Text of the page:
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Les Voiles de Saint-Tropez - Sunday in the sunshine

by Maguelonne Turcat 27 Sep 13:58 PDT 26 September - 9 October 2020
Yacht Club de France's Autumn Cup © Gilles Martin-Raget

Enjoying a fine breeze and bright sunshine, the splendid arrival in race format of the classic yachts competing in the Yacht Club de France's Autumn Cup kicks off play for Les Voiles de Saint-Tropez 2020.

This year, for the first time in its history, there will be a whole two weeks of racing in the bay. Naturally, there is the utmost vigilance on shore due to the pandemic, whilst out on the water the desire to get out sailing and share the passion of racing is very much in evidence, as proven by the 140 craft signed up for opening week. Boats measuring up to around 20 metres will hit the racetrack from tomorrow through until Saturday, at which point they will trade places with the super boats, Modern and Classic yachts, which will also get their turn in the spotlight.

The Modern craft kick off proceedings

The sports version of Les Voiles will be in full swing once again from tomorrow, Monday, with the hosting of the first series of jousts by the Modern fleet from 11:00 hours. This year, there are some 85 boats split into 6 groups, 5 of which will be racing under IRC with one reserved for the TP52s. Mylius, Swan, Grand Soleil, Kers or Solaris... the cream of the fast racer-cruisers are present in Saint Tropez, keen to get out racing again in what has been a rather slim race schedule this year due to the multiple cancellations. Of note is the very fine group of Tofinous, 9.5s, 12s and other Code Zeros, elegant dayboats from the Latitude 46 yard, which are both luxurious and attractive. Combining classic looks with a twist of modernity, twelve of these craft will race within their own dedicated group this week.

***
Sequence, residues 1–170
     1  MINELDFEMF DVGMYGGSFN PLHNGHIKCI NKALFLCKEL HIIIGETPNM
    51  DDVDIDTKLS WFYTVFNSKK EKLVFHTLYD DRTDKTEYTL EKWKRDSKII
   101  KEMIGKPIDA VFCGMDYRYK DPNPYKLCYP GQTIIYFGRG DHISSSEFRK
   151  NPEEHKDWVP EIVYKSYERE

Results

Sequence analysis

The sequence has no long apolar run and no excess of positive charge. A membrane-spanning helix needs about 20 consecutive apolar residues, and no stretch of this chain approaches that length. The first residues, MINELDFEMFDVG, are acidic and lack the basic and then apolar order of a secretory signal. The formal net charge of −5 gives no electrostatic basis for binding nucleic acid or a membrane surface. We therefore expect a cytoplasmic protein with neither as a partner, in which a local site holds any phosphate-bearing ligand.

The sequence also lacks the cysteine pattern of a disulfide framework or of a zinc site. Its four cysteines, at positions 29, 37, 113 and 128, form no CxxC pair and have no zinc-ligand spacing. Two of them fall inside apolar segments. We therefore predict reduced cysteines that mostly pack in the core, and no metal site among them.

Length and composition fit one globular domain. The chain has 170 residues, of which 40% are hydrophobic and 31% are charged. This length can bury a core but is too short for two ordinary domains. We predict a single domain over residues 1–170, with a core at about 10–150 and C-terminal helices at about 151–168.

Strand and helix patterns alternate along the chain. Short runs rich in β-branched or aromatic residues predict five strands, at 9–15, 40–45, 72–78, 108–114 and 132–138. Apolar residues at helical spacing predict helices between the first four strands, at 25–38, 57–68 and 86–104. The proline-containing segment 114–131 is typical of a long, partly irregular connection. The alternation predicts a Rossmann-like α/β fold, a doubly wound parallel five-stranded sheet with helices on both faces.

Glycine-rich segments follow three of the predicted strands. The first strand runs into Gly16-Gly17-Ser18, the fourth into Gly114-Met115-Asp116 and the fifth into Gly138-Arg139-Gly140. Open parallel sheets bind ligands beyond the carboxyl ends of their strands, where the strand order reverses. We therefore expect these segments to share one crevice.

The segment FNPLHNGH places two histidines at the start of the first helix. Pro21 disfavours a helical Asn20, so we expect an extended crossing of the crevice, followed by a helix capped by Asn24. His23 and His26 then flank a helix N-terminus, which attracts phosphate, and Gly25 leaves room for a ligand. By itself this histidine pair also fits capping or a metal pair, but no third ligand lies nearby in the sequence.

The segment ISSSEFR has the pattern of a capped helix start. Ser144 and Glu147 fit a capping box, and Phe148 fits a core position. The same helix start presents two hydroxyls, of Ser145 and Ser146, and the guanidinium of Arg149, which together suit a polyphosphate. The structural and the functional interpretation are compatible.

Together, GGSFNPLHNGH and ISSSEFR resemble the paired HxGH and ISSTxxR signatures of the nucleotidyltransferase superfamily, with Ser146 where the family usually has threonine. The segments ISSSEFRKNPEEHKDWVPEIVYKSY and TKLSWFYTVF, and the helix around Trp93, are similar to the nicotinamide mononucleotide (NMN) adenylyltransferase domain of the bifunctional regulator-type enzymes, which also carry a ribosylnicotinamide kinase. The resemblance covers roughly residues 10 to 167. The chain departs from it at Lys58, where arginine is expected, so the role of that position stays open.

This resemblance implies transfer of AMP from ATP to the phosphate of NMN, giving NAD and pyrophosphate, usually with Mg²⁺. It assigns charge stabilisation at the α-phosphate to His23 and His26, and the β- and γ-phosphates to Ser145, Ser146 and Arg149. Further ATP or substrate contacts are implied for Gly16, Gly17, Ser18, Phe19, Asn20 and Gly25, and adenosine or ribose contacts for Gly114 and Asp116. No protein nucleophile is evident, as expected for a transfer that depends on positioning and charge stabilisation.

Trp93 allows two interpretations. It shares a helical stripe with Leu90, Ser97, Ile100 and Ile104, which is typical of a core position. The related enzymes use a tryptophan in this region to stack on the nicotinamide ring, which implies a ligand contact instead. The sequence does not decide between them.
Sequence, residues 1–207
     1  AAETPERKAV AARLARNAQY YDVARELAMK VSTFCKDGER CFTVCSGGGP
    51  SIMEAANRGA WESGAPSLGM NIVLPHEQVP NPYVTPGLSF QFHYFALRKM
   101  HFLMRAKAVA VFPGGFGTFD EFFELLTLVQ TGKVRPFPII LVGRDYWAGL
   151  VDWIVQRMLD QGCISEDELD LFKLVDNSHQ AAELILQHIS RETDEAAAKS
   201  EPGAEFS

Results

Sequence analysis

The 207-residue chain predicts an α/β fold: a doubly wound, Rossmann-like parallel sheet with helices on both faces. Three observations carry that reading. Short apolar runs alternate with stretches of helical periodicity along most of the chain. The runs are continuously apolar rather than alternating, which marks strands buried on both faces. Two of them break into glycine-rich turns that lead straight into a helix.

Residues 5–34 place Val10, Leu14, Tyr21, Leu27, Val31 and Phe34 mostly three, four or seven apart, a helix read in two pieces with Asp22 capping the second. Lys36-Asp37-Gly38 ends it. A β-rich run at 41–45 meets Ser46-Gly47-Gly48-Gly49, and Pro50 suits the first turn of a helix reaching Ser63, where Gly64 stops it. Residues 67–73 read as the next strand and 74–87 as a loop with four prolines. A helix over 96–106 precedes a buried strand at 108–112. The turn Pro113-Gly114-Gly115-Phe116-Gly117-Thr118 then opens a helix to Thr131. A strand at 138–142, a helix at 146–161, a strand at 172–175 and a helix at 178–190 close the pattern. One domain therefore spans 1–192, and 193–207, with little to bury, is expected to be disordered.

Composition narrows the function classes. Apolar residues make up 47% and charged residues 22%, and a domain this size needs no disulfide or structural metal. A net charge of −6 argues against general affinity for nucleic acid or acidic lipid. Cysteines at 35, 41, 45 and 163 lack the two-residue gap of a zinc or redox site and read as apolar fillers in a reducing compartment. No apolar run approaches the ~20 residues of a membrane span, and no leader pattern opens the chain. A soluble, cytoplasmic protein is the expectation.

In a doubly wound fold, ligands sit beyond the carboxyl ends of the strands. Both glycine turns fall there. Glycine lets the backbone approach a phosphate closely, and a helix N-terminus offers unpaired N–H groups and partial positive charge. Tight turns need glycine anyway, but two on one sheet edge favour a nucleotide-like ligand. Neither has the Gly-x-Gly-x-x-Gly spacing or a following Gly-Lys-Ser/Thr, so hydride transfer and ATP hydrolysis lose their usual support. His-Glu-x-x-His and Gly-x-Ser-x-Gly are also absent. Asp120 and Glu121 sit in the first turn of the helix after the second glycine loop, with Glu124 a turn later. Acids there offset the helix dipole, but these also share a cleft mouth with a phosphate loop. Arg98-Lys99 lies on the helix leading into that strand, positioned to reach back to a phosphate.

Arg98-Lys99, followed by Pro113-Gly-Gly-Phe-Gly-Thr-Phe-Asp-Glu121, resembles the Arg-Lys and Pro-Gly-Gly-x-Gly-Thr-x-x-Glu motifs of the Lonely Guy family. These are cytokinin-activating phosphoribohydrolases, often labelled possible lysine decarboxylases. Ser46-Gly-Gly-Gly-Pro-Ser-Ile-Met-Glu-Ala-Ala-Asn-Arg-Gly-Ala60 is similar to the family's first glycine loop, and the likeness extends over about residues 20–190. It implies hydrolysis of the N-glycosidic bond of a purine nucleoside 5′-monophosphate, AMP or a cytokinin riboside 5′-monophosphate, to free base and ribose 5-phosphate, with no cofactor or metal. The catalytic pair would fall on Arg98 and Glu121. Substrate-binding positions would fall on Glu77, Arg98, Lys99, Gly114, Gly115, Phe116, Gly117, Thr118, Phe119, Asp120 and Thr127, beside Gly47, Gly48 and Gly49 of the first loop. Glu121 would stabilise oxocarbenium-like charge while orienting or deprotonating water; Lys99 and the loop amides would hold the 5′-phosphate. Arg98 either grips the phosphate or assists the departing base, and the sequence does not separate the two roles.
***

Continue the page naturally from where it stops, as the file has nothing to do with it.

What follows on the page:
Yacht Club de France's Autumn Cup

The Yacht Club de France's Cup traditionally rewards the winner of the race that links Cannes and Saint Tropez, rounding off the Régates Royales and kicking off Les Voiles. In this way, twenty-four Classic craft left Cannes this morning from 11:00 hours in a fair E'ly wind conducive to hoisting spinnakers in the sunshine over the 23-mile coastal course, before rounding off in a NW'ly. It was the Bermudan sloop Il Moro di Venezia which snatched victory in elapsed time ahead of the pretty gaff riggers, Chips (P Class Starling Burgess 1913) and Scud (Herreshoff- Bar Harbor 31 from 1903), a newcomer to Les Voiles which clearly has the bit between her teeth for this edition.

Inauguration of the Village

The Race Village at Les Voiles was inaugurated late afternoon this Sunday by the first deputy mayor of Saint Tropez, Sylvie Siri, accompanied by Pierre Roinson, President of the Société Nautique de Saint-Tropez. A vital part of Les Voiles, it has been adapted according to the exceptional circumstances of the present day. Spanning 400m2, rather than 1,500, the partners of Les Voiles can present themselves here in line with the social distance regulations and the relevant health guidelines with recording of temperatures, sanitising stations and a limited access quota. For the competitors, the registration confirmation and access to the jury is to be carried out according to an identical protocol, with separate access.


Pierre Roinson, President of the Société Nautique de Saint-Tropez: